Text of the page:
very words, Margaret, ' ' How can he dare to set limits


to you — to strangle your next book before its birth? "
That's what you said! And now you appeal to that
charlatan !

Margaret. Please don't shout so. My landlady . . .

Gilbert. I can't bother with thinking about generals'
widows w^hen ray nerves are on edge.

Margaret, But what did I say I I really can't understand
your being so sensitive,

Gilbert. Sensitive? You call it being sensitive? You,
who used to quiver from head to foot if the merest
scribbler in the most obscure rag ventured to say a
word of criticism!

Margaret. I don't remember that ever any disparaging
words have been written about me,

Gilbert, Oh . . . ? Well, you may be right. People are
usually gallant to a pretty woman.

Margaret. Gallant . . . ? So they used to praise my
poems only out of gallantry? And your own ver-
dict . . ,

Gilbert. Mine . , . ? I needn 't take back anything that
I said — I may confine myself to remarking that your
few really beautiful poems were written in our time,

Margaret. And so you think the credit of them is really
yc'jirs ?

Gilbert. Would you have written them if I had never
existed? Weren't they w^ritten to me?

Margaret. No,

Gilbert. What? Not written to me? Oh, that's mon-
strous !

Margaret. No, thev were not written to vou.

Gn.BERT. You take my breath away! Shall I remind you
of the situations in which your finest verses had their

Margaret. They were addressed to an ideal . . . (Gn^
BERT points to himself.) . . . whose earthly repre-
sentative you happened to be.


Gilbert. Ha! That's fine! Where did you get it? Do
you know what the French say in such circumstances?
^' That is literature! "

Maegaeet {imitating his tone). " That is not literature! "
That is the truth — the absolute truth. Or do you
really believe that I meant you by the slender youth
— that I sang hymns of praise to your locks? Even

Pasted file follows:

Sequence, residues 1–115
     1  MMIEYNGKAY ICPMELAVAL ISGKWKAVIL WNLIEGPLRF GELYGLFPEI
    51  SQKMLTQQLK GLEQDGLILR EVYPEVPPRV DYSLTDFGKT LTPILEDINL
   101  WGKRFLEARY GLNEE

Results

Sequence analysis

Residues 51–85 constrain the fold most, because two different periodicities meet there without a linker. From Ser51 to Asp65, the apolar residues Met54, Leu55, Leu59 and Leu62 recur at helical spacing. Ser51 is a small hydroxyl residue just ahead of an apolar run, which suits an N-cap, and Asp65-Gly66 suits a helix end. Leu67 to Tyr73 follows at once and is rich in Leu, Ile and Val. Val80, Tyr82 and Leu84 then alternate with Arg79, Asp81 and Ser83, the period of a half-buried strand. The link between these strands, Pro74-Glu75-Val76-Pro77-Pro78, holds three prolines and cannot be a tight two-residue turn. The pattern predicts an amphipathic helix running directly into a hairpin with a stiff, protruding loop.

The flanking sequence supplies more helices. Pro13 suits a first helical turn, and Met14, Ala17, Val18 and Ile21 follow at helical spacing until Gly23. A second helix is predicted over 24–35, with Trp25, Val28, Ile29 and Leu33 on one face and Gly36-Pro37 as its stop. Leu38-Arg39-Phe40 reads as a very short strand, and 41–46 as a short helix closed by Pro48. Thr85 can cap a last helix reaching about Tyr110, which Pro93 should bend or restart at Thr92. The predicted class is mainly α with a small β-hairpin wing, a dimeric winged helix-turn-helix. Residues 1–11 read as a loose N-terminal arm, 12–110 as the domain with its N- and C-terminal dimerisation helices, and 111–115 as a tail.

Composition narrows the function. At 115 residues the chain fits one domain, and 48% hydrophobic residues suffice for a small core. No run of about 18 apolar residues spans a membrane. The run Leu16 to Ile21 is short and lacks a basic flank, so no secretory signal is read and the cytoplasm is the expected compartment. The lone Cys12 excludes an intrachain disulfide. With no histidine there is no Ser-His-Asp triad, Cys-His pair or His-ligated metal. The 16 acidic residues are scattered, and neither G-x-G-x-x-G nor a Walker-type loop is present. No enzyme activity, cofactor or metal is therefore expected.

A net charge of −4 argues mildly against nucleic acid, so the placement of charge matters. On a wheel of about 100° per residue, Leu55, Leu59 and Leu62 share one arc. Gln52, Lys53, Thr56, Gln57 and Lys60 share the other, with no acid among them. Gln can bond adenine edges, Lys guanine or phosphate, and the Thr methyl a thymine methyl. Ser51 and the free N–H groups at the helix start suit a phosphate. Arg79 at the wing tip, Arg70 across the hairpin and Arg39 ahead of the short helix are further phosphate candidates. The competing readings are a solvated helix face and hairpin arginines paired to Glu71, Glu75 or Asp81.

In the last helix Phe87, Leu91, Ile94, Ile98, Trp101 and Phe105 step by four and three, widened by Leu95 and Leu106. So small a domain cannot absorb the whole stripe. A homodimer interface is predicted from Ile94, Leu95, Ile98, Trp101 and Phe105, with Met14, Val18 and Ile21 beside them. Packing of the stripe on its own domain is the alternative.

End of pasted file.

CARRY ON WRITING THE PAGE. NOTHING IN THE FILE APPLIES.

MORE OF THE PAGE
in those days you were . . . well, not slender; and
I shouldn't call this locks. {Passes her hand over his
hair. Taking the opportunity, he seizes her hand and
kisses it. In a softer voice.) What are you think-
ing of?

GiLBEET. You thought so in those days — or at least that
was your name for it. Ah, what won't poets say for
the sake of a smooth verse, a sounding rhyme? Didn't
I call you once, in a sonnet, "my wise maiden? "
And all the time you were neither . . . No, I mustn't
be unjust to you — you were wise, confoundedly wise,
revoltingly wise! And it has paid you. But one
oughtn't to be surprised; you were always a snob at
heart. Well, now you've got what you wanted. You
caught your prey, your blue-blooded youth with the
well-kept hands and the neglected brain, the splendid
rider, fencer, shot, tennis-player, heart-breaker — Mar-
litt couldn't have invented anything more disgusting.
What more do you w^ant? Whether it will always con-
tent you, that knew something higher once, is of course
another question. I can only say this one thing to
you — in my eyes you are a renegade from love.

Maegaeet. You thought that up in the train.

GiLBEET. I thought it up just now — just a moment ago!

Maegaeet. Write it down, then — it's good.

GiLBEET. What was it that attracted you to a man of this
sort? Nothing but the old instinct, the common
instinct !

Maegaeet. I don't think you've got any right . . .


Gilbert. My dear child, in the old days I had a soul too
to offer you.

Margaret. Oh, at times, only this . . .

Gilbert. Don't try now to depreciate our relation — you
won't succeed. It will remain always your most
splendid experience.

Margaret. Bah . . . w^hen I think that I tolerated that
rubbish for a whole year!

Gilbert. Tolerated? You were entranced with it. Don't
be ungrateful — I'm not. Miserably as you behaved
at the last, for me it can't poison my memories. And
anyhow, that was part of the whole.

Margaret. You don 't mean it !

Gilbert. Yes . . . And now listen to this one statement
I owe to you : at the very time when you were begin-
ning to turn away from me, when you felt this draw-